MUSC205/SEMN 256Music and Identity Music serves multiple roles: a force for social transformation, a flag of resistance, a proclamation of cultural identity, a catalyst for expressing emotion, an avenue to experiencing the sacred. Students will look at identity through the lens of contemporary and traditional American music and will consider how race, ethnicity, age, gender, national identity, and other factors express themselves in and are shaped by music. The ability to read music or understand basic music theory is not required; a love of music and an interest in American culture are essential. This course is a Shared Passages Sophomore Seminar. Prerequisite: Sophomores only
MUSC207/SEMN 210Listening Across Cultures What does it mean to be a knowledgeable music listener? An expert listener? A native listener? Hip hop has its "heads," French opera had claqueurs, and Syrian tarab has the sammi'a (expert listeners), but is the act of listening the same across cultures, or is there something to the local perception of music that goes beyond style and genre? Questioning the adage that "Music is the universal language," this course will examine how people assign meaning and power to music. Analyzing music from around the world, we will attune our ears to the ways in which people across cultural borders conceptualize music, sound and the act of listening. No music reading or basic theory knowledge is required. Prerequisite: Sophomores Only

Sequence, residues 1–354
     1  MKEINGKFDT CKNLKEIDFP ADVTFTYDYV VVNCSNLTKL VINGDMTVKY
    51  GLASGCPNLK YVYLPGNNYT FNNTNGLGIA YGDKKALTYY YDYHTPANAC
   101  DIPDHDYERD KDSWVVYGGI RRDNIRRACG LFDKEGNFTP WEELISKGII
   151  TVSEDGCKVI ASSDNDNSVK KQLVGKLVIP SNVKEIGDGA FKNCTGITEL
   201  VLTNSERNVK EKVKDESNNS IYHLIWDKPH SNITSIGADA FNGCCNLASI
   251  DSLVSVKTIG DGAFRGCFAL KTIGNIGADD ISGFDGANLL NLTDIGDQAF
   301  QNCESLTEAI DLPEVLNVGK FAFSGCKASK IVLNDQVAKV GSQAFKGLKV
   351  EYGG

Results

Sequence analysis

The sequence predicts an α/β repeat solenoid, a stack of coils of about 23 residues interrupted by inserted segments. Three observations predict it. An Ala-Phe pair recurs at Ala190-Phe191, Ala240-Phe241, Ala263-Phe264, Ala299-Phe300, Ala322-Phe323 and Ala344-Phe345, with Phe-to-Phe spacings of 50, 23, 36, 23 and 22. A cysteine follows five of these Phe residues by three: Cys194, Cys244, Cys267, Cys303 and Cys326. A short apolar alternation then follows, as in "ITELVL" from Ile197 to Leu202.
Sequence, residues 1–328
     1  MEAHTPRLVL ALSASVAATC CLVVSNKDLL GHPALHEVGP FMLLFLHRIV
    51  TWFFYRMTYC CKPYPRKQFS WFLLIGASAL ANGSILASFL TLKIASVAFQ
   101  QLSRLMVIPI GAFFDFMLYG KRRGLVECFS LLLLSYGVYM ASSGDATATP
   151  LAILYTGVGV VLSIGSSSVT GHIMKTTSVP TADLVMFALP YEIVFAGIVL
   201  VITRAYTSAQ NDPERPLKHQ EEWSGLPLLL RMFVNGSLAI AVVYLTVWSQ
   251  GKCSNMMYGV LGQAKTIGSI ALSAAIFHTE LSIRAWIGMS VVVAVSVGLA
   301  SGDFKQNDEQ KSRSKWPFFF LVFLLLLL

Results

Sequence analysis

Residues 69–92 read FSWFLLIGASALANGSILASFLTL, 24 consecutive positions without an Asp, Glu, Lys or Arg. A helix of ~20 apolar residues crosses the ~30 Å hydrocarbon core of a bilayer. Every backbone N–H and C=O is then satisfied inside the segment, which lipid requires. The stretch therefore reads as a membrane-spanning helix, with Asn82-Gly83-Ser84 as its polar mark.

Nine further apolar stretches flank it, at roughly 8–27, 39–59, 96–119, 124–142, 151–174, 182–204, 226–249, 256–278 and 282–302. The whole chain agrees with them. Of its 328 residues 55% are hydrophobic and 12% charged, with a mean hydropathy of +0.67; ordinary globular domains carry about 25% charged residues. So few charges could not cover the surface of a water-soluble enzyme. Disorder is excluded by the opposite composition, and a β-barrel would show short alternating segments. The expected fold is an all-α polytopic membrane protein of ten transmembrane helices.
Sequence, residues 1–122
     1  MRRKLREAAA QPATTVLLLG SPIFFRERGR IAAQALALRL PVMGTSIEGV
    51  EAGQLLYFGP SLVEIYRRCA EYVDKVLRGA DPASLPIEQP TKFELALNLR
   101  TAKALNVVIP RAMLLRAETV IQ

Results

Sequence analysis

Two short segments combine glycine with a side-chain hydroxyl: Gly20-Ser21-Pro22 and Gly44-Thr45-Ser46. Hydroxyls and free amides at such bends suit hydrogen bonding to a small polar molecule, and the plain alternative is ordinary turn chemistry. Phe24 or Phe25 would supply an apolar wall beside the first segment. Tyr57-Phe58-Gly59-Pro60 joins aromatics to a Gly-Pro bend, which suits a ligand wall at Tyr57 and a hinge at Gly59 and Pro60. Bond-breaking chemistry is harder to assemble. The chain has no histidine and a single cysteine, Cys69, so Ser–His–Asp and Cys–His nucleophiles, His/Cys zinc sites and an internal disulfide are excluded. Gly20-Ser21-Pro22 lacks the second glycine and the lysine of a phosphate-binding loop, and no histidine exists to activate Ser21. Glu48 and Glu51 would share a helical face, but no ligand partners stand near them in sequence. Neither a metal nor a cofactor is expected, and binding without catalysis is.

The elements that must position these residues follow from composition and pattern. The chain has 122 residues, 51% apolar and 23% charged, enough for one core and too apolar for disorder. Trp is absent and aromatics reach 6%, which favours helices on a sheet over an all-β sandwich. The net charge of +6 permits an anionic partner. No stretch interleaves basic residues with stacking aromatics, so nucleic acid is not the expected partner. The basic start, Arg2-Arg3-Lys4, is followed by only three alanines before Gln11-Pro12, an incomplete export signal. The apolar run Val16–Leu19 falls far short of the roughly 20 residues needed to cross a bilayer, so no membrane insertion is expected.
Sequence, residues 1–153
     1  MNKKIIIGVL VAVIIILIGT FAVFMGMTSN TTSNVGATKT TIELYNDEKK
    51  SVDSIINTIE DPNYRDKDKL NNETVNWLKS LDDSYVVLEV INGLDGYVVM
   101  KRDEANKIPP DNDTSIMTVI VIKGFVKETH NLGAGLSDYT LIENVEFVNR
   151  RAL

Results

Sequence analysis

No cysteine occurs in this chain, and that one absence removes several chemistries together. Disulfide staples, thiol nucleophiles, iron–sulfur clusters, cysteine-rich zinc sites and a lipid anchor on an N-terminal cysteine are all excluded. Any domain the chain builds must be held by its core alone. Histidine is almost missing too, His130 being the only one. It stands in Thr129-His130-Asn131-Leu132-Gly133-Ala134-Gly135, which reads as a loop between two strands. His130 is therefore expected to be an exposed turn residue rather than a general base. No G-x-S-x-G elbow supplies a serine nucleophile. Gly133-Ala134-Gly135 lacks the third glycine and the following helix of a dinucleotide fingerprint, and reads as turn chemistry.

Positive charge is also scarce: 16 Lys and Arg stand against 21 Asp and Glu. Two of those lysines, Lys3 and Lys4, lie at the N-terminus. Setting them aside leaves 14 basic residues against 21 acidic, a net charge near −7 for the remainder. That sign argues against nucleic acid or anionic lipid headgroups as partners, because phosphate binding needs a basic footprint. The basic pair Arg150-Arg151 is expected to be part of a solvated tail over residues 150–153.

MUSC260Conducting A study of the general rudiments of ensemble conducting through an emphasis on the orchestral literature. After an introduction to critical score-reading concepts (analysis skills, transposition, special terms, historical background), the remainder of the course is dedicated to practical application, with students receiving weekly podium time in front of a small laboratory ensemble. Offered spring quarter, even yearsPrerequisite: MUSC-105 or permission
MUSC275Western Music Theory and Analysis II Building upon the skills acquired in MUSC 130, students will study techniques of modulation, as well as expressive and coloristic devices leading to late 19th century chromaticism, leading into 20th century practices. These elements will be part of further study of popular and art song form, theme and variations, rondo and sonata. Class meetings will include both lecture and workshops. Coordinated aural comprehension skills are acquired from the concurrent lab for this course.Prerequisite: MUSC-130 or permission